With that thought we have come full circle in our discussion of the integrative themes in the writings of Ellen White. We began with a discussion of the love of God and the challenge to that love in the great controversy. Now we will end with the thought that "the last rays of merciful light, the last message of mercy to be given to the world, is a revelation of His character of [p. 127] love. The children of God are to manifest His glory. In their own life and character they are to reveal what the grace of God has done for them" (COL 415, 416). They will be a demonstration that God is truly love and that His saving grace transforms both character and action.
The great controversy, the love of God, and the other great themes in the writings of Ellen White are not points for abstract discussion. Far from it. They affect our daily lives. Each of us must daily choose to live in the real world by accepting either God's principles or Satan's. God has provided the writings of Ellen White to guide us in those daily choices. Their purpose is to help us in making earthly decisions that have eternal consequences.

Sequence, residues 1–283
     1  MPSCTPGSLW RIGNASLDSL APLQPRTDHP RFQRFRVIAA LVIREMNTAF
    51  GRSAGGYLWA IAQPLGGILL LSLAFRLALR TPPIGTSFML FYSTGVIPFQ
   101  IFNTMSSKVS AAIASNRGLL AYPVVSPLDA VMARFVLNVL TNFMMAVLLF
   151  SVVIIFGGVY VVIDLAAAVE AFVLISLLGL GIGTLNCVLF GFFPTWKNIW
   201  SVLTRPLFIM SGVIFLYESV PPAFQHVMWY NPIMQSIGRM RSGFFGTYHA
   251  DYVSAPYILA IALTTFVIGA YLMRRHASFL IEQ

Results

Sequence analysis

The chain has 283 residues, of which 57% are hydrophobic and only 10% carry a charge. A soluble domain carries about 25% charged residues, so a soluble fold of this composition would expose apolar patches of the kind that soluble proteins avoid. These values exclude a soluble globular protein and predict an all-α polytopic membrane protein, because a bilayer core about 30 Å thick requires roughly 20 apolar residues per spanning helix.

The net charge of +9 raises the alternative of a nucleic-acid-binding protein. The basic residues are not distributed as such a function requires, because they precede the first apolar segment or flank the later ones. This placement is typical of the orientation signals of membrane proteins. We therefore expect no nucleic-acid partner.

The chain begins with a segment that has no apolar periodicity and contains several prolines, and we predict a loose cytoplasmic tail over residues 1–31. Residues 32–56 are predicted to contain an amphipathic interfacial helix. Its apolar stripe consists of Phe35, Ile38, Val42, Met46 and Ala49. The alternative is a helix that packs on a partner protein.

Click here for a non-Tables version of the abbreviations.
|1888 Materials||The Ellen G. White 1888 Materials, 4 volumes, consecutive paging|
|COL||Christ's Object Lessons|
|DA||The Desire of Ages|
|GC||The Great Controversy|
|LS||Life Sketches of Ellen G. White|
|MH||The Ministry of Healing|
|MS||Manuscript, not cited from a published source|
|RH||The Review and Herald|
|SC||Steps to Christ|
|SR||The Story of Redemption|
|1SM||Selected Messages, book 1|
|1T, 5T, etc.||Testimonies for the Church, nine volumes|
1888 Materials = The Ellen G. White 1888
Materials, 4 volumes, consecutive paging
CM = The Ellen G. White 1888 Materials, 4 volumes, consecutive paging
COL = Christ's Object Lessons
DA = The Desire of Ages
Ed = Education
Ev = Evangelism
EW = Early Writings
GC = The Great Controversy
GW = Gospel Workers
LS = Life Sketches of Ellen G. White
MH = The Ministry of Healing
MS = Manuscript, not cited from a published source
RH = The Review and Herald
SC = Steps to Christ
SR = The Story of Redemption
1SM = Selected Messages, book 1
1T, 5T, etc. = Testimonies for the Church, nine volumes